Donald Trump has one thing in common with the "scum" media he distrusts so much: Both the GOP candidate and the reporters covering him will tell you the press has been critical of Trump from the moment he launched his campaign last June. For Trump, that narrative is proof that he has been winning an uphill battle against an aggressive and biased media, while journalists cling to it as a rejoinder to critics who say they enabled Trump's rise.
But a study released Tuesday by Harvard University's Shorenstein Center suggested both parties are mistaken. The report, titled "Pre-Primary News Coverage of the 2016 Presidential Race," has been widely covered as proof that the media, chasing ratings and clicks, helped "create" the phenomenon that is Donald Trump. But the media's inability to move beyond "objective" news coverage, as International Business Times reported last week, may have been just as important to Trump's rise as the sheer amount of airtime he received.
The report looked at the first eight months of the primary season, referred to as the "invisible primary," in which Trump received far more free media exposure than any other candidate. "By our estimate, Trump’s coverage in the eight news outlets in our study was worth roughly $55 million," the study said. "Trump reaped $16 million in ad-equivalent space in The New York Times alone, which was more than he spent on actual ad buys in all media during all of 2015."
Journalists themselves regurgitated the study's conclusions. "This Harvard Study Is a Powerful Indictment of the Media's Role in Trump's Rise," wrote the Washington Post's Chris Cillizza. "The Media’s Donald Trump Obsession Helped Propel His Candidacy," echoed the Huffington Post. "Journalists helped cement Donald Trump’s candidacy," said Poynter. "Media Coverage of the Primaries Was Awful, Harvard Study Confirms," said U.S. Uncut.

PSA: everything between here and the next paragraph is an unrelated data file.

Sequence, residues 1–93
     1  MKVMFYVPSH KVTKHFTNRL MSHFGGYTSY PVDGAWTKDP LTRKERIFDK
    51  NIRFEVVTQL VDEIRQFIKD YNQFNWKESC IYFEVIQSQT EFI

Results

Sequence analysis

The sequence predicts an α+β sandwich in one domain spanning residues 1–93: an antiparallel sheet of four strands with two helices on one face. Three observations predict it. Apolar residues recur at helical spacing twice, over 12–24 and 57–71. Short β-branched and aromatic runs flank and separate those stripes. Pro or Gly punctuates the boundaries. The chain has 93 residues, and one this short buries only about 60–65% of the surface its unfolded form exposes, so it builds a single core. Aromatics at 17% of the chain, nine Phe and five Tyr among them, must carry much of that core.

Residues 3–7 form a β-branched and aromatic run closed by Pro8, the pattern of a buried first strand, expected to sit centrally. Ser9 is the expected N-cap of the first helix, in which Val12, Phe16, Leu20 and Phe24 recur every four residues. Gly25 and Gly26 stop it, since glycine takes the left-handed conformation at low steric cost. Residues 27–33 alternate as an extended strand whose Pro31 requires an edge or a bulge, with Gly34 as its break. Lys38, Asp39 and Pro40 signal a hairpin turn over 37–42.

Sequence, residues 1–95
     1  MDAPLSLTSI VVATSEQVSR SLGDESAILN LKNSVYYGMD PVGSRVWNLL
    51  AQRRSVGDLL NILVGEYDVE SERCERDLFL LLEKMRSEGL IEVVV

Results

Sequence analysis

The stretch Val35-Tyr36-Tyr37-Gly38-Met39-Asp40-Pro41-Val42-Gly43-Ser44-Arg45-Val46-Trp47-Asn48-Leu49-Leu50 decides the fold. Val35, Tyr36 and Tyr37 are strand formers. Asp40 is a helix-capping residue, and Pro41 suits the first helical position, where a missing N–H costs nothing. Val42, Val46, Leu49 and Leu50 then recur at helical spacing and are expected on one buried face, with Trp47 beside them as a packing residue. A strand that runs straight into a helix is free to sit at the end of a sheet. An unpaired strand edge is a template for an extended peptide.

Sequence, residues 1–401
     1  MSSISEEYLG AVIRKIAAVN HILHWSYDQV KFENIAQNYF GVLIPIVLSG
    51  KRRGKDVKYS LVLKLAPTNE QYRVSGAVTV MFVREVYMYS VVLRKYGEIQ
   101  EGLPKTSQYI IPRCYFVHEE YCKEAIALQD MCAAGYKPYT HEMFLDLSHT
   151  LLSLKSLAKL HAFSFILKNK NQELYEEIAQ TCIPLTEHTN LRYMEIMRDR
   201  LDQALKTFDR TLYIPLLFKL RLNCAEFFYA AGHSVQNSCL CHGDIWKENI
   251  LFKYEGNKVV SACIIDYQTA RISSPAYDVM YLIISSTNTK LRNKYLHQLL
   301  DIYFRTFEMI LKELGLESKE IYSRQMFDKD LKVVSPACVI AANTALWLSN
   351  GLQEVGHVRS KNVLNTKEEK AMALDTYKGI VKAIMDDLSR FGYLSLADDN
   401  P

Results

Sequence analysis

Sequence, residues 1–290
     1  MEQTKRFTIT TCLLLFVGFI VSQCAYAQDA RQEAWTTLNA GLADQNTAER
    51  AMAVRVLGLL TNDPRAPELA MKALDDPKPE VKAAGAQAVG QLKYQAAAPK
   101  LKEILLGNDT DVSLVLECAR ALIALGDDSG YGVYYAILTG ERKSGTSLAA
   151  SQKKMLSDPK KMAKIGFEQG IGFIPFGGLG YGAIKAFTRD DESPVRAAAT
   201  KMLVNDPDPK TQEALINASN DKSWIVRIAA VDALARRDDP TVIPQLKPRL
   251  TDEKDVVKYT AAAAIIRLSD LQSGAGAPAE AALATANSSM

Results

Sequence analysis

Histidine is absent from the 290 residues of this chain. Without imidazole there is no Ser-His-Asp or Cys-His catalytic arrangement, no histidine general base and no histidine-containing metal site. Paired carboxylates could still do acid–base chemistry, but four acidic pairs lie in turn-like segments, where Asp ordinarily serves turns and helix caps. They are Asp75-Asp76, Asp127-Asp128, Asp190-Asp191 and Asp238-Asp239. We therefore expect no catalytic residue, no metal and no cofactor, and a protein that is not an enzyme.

What has received less attention than the sheer volume of Trump's exposure is the fact that the mainstream media, far from being overly critical, opinionated or brutal toward Trump, bent over backward to be neutral. IBT reported last week on the problems Trump has caused for outlets and journalists looking to uphold a "traditional" approach of objective and neutral coverage of news.
Harvard's study suggests that the "view from nowhere" — a term that refers to attempts by journalists to remain neutral and unbiased — defined the mainstream media's attitude toward Trump in the months leading up to his electoral triumph.
"Across all the outlets, Trump’s coverage was roughly two-to-one favorable," the study said. The New York Times gave Trump 63 percent "positive or neutral" coverage. That was the lowest of the lot. Outlets like USA Today and Fox News clocked upwards of 73 percent.
The study noted that the neutral or positive Trump coverage was a result of the media emphasis on the apolitical aspect of the presidential race itself, focusing only how candidates were performing rather than the substance of their politics.
"Why did the watchdog press say so many positive things about Trump’s candidacy? The reason inheres in journalists’ tendency to build their narratives around the candidates’ positions in the race. This horserace focus leads them into four storylines: a candidate is 'leading,' 'trailing,' 'gaining ground,' or 'losing ground,' " the study said.
Eighty-two percent of Trump coverage focused on polls, events and "other," the study said. Only 12 percent focused on his ideology.